Against the Jacksonville Jaguars in Week 3, Brady attacked the defense with a number of seam passes thrown following play-action fakes. On the play depicted below, the Patriots are aligned in a dubs formation, with Gronkowski aligned at tight end. Brady takes the snap and turns his back to the defense, to bluff a running play to Dion Lewis. With the fake luring Jacksonville defender Paul Posluszny to the line of scrimmage, Brady has a huge window to target Gronkowski on the seam route. The veteran delivers a perfect throw to Gronkowski, who rumbles 21 yards on the play (TO VIEW THE PLAY, SCROLL LEFT TO RIGHT ON THE IMAGE BELOW):

Given Brady's ability to throw the ball to every area of the field on a variety of quick-rhythm and play-action throws, the Patriots have been able to aggressively attack defenses while staying on schedule (they have just three three-and-outs this season, least in the NFL) and avoiding the costly turnovers that undermine a winning formula.

2) Rob Gronkowski and Julian Edelman form a powerful 1-2 punch.

It's uncommon for a prolific aerial attack to thrive without a classic WR1, but the Patriots have torched opponents while leaning on a big-bodied tight end and a slippery slot receiver with exceptional "catch-and-run" skills. Of course, the tight end is unquestionably the most dominant offensive weapon in football. Still, the Patriots' use of "MOF" (middle of the field) playmakers as the driving force of their passing game stands as a unique approach in today's game.

Gronkowski, a sixth-year pro with 58 career touchdown receptions in just 69 games, is a matchup nightmare on the perimeter. Measuring 6-foot-6 and 265 pounds, the Pro Bowler is too big and physical for defensive backs and too athletic and agile for lumbering linebackers. Consequently, defensive coordinators are unable to defend him using single coverage, which gives Brady a dependable option to target in key situations. The problems created by Gronkowski's unique physical attributes also allow the Patriots to deploy him in different spots within multiple formations to help Brady diagnose coverage during the pre-snap phase. If Gronkowski is positioned on the outside as a quasi-receiver, Brady can identify man or zone based on the defender lined up across from him. Thus, the veteran quarterback can quickly crack the defensive code and identify the receiver who is most likely to exploit the vulnerable area of coverage.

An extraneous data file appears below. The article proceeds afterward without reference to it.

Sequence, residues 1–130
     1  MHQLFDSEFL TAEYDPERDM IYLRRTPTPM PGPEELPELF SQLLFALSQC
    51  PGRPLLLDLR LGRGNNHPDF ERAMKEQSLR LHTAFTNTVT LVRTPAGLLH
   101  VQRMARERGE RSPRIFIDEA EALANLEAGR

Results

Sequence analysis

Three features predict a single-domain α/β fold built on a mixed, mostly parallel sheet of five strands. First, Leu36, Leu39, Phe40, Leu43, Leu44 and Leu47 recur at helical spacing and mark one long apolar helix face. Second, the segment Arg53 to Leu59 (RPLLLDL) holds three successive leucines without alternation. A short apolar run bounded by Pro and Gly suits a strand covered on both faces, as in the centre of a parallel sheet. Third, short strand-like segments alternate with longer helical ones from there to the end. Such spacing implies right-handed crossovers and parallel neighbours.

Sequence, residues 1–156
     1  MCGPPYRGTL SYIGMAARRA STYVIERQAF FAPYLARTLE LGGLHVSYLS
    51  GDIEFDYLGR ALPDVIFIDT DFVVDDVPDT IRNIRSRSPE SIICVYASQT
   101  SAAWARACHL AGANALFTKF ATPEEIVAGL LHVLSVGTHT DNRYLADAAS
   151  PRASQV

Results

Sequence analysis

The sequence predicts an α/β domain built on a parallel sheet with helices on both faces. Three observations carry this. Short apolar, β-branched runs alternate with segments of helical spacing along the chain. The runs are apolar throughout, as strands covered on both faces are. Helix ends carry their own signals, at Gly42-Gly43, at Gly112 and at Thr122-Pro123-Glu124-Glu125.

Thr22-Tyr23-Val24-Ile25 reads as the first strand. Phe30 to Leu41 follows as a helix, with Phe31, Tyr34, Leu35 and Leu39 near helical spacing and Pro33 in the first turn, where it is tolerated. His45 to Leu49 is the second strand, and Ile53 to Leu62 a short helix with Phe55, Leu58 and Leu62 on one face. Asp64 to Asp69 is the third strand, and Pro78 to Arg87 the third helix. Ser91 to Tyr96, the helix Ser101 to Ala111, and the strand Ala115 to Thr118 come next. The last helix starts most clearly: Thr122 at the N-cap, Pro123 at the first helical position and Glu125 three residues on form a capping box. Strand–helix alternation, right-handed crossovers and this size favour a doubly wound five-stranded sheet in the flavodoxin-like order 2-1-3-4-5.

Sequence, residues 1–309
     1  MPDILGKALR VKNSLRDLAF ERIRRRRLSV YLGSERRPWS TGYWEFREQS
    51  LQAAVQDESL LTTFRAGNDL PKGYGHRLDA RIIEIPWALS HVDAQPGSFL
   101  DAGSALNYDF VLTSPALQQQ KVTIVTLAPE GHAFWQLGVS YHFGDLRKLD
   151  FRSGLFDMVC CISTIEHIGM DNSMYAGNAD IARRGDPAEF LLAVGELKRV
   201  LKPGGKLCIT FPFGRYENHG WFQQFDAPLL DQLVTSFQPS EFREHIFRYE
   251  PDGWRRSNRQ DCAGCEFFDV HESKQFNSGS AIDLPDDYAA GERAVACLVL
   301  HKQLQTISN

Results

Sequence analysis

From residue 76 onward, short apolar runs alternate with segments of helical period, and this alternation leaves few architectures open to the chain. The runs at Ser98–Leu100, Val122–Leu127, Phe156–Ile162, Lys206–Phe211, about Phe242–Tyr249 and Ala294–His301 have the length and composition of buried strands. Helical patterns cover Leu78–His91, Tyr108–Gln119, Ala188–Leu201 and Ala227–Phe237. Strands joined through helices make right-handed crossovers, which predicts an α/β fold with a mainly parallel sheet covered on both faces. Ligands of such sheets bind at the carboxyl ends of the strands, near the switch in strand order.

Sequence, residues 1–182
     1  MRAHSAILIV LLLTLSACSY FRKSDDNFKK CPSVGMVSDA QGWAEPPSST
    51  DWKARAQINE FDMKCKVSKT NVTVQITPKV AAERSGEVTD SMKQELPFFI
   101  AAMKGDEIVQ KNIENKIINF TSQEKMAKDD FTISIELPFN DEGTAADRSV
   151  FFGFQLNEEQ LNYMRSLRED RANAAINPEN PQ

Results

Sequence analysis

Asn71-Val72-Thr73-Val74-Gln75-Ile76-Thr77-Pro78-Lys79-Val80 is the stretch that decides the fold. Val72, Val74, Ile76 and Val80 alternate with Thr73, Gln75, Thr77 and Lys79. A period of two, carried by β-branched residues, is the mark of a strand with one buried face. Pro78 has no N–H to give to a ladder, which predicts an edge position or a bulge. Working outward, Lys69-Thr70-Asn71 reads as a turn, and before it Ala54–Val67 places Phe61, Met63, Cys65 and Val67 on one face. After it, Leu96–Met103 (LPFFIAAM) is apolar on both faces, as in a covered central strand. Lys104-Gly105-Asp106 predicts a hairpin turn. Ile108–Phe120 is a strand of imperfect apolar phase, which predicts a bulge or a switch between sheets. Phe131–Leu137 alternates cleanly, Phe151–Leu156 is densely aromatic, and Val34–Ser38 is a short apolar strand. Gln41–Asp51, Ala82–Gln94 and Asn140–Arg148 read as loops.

Gronkowski's athleticism and explosiveness also allow the Patriots to mix in a vertical-based passing attack despite lacking a proven deep threat on the perimeter. Gronkowski's ability to win against one-on-one coverage on go-routes and seams gives Brady an unconventional deep-ball weapon to target for big-play chances. Click on the video to the right to see how Gronkowski's size, athleticism and physicality overwhelm defensive backs on the perimeter.

Edelman is not an athletic freak like his partner, but he creates just as much chaos on the perimeter. He is a crafty route runner with spectacular stop-start quickness and burst. Edelman's short-area explosiveness combined with impeccable timing makes him a dangerous weapon in a passing game that features an assortment of crossing routes and pick plays on the perimeter. Looking at the All-22 Coaches Film, I was blown away by Edelman's patience and savvy executing crossers and "rub" routes. He not only understands how to set defenders up for the pick, but he does a great job of running away from the defender after the screen. Edelman honed his running skills during his days as a punt returner; the Patriots' "catch-and-run" concepts allow him to get the ball on the move with plenty of room to maneuver in space.

Against the Dallas Cowboys in Week 5, the Patriots used a pick play to spring Edelman on a rail route down the boundary, as you can see in the play depicted below. The Patriots are aligned in a trips formation, with Edelman positioned as at the WR3. Amendola is positioned at the WR2 spot and instructed to run a snag/pick in the middle of the field. He takes a direct angle to run into the defender guarding Edelman (Morris Claiborne), but turns around to the quarterback with his hands up to look like a legitimate receiver on the play. Edelman sets up the defender brilliantly with a stutter-step move before running his route down the bottom of the numbers. With Amendola knocking Claiborne off-course, Edelman is left uncovered down the boundary. Brady sees the pick and lobs a pinpoint pass to Edelman, who eventually rumbles in for a 59-yard score (TO VIEW THE PLAY, SCROLL LEFT TO RIGHT ON THE IMAGE BELOW):